Saturday, September 29, 2012

Guest Post - Old German Script Need not Fade


I was asked by Peter at Metascriptum if he could submit a guest post to Genea-Musings, and after reviewing his document, I agreed:

Old German Script Need Not Fade
by Peter at Metascriptum

Old German script is difficult if not impossible for younger generations to read. However, this does not mean that old documents need to fade away into nonexistence or misunderstanding. There are many ways that you can keep history alive.


Of course, one way to decipher these documents is to learn the old script that was used prior to 1941. However, this is a tedious task, made more difficult by the fact that the script is no longer taught in traditional schools. Yet, you can still learn what your past family has left behind. All you need to do is find someone that can transcribe or translate the documents for you.

Family History Regained

One of the biggest reasons people have documents written in old German script is to regain pieces of family history and lore. It is entirely possible that there may be stories in your families past that have been lost because no one can remember them. However, if those stories can come out in past personal letters, diaries, journals, and memoirs, you can regain your family history and a sense of your own self.

There are many different types of documents that may be found in the personal belongings of family members past. Personal letters, journals and diaries, or manuscripts may be found. It is entirely possible that you don’t even know what you have because you cannot read the old German script. Descriptions of property owned, business transactions, or personal encounters may all be discovered by having these documents translated.

Discovering New Insights

Since the old German script was faded out during the Second World War, there are many things you may discover in your family’s old papers. If you had ancestors that fought in the war, you may gain new insight to military life in the Nazi regime. You could also learn about your ancestor’s feelings about the war and about the German government of the time. It could give you a fresh outlook on the war itself and on your family’s part in it. This can give one satisfaction or disappointment, but it is important to the history of your family and the world nonetheless.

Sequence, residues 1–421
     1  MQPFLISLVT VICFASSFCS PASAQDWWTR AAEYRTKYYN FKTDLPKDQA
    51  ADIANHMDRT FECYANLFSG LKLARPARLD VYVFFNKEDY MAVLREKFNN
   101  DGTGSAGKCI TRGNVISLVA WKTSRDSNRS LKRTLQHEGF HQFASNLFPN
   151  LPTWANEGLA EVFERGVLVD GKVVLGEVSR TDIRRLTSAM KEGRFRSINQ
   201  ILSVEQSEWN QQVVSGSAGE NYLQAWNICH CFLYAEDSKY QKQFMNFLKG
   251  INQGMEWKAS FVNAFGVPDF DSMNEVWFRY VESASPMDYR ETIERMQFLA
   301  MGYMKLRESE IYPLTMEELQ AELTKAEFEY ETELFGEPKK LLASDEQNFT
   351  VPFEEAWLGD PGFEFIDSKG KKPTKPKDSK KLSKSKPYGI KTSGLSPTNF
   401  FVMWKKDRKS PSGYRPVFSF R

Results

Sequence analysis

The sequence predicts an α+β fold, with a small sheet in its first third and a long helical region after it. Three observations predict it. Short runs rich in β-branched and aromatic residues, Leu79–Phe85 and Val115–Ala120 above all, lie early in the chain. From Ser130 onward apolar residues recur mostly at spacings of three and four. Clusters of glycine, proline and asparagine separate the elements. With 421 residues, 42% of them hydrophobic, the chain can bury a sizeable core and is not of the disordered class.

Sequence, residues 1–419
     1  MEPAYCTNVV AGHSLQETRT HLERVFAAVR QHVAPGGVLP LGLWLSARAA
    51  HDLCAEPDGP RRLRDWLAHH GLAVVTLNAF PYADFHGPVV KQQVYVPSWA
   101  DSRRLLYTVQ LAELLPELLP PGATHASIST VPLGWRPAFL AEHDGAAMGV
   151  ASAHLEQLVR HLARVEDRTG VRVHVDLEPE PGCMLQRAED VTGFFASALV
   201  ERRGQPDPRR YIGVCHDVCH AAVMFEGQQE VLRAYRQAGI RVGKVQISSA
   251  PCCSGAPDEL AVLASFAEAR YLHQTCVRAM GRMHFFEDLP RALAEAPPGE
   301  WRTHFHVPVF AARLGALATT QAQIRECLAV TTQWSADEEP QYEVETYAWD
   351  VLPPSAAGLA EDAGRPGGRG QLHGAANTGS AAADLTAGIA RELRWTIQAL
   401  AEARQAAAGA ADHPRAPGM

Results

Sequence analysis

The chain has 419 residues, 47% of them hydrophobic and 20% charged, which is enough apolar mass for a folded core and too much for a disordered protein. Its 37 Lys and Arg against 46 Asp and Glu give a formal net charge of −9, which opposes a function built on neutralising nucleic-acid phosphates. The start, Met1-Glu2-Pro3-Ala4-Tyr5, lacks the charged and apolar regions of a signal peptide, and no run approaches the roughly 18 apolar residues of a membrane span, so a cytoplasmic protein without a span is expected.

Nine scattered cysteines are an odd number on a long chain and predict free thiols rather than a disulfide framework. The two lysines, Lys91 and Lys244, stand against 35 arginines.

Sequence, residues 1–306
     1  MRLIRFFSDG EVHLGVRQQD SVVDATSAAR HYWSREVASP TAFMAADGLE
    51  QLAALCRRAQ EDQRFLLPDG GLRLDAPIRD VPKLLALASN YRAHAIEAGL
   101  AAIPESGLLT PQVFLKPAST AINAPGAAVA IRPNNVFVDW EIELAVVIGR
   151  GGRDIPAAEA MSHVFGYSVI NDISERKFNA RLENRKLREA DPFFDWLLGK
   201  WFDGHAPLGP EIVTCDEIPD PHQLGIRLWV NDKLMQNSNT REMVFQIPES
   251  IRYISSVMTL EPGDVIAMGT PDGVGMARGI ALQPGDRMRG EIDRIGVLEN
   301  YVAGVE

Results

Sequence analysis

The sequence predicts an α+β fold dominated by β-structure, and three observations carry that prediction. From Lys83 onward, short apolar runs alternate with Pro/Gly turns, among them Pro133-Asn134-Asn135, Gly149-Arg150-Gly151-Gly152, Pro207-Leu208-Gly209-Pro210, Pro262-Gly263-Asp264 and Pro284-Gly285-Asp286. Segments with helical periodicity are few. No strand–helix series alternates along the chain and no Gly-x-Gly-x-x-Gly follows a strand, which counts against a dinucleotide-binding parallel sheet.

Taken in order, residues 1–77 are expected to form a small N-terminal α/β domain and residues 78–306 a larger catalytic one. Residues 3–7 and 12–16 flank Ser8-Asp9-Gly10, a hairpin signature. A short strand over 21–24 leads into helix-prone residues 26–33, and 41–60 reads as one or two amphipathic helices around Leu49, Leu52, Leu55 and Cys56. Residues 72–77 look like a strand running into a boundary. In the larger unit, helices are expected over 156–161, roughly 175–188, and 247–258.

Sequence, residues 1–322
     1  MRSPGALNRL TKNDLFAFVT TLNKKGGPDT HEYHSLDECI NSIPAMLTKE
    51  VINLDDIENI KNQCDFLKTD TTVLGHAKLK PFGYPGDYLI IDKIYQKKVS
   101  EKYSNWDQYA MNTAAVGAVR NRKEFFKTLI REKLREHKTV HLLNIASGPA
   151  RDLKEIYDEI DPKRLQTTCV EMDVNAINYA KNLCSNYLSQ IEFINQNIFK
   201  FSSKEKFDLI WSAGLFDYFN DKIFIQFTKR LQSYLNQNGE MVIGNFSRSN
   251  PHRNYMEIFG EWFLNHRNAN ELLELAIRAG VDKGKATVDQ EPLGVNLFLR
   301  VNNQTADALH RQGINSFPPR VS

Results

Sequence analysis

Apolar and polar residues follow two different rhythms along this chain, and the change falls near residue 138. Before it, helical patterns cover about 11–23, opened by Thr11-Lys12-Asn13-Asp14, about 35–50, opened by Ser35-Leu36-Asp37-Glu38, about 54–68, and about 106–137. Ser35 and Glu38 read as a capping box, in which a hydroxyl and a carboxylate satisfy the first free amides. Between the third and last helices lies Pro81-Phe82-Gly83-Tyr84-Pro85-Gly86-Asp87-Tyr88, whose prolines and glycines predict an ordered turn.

If you are so inclined, you could use the research gained from having old documents transcribed to write a book about the time period. Or, you could simply use the information to fill in gaps in your family history. Passing down stories about your family to your children becomes much easier when you have a full understanding of those stories from the perspective of those who actually lived in those times.

Of course, the old German script was used long before the Nazi regime as well, so you could uncover a wealth of family history and information by transcribing documents that you find. You could learn about marriages and births in the family, which could lead you in a totally new direction in your quest for family history and genealogy. All in all, it can be very rewarding and informative to have documents written in old German script transcribed for current and future generations.

We at Metascriptum provide professional support for deciphering your documents written in [old German script | link to http://www.metascriptum.de/german-handwriting] and are happy to help you assist you in your research process.

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My thanks to Peter for his post.  If you have German script documents and want transcriptions or translations done, please contact Peter at his website above.


3 comments:

bgwiehle said...

Old German handwriting styles are not the problem. Letter lists and sample texts are available, also tutorials like those at FamilySearch. It's not that difficult.
The bigger issues are knowledge of the language itself, including abbreviations, archaic words and spellings and cultural context, and the preservation quality of the document itself. This is true of any older text, any language. Reading older documents takes practice (and a little luck with the writer's pensmanship), but it is doable.

bzlassie said...

Our very own SDGS Dona Ritchie gave a workshop this month on the subject. Most interesting and informative!

Anonymous said...

Our very own SDGS Dona Ritchie gave a workshop this month on the subject. Most interesting and informative!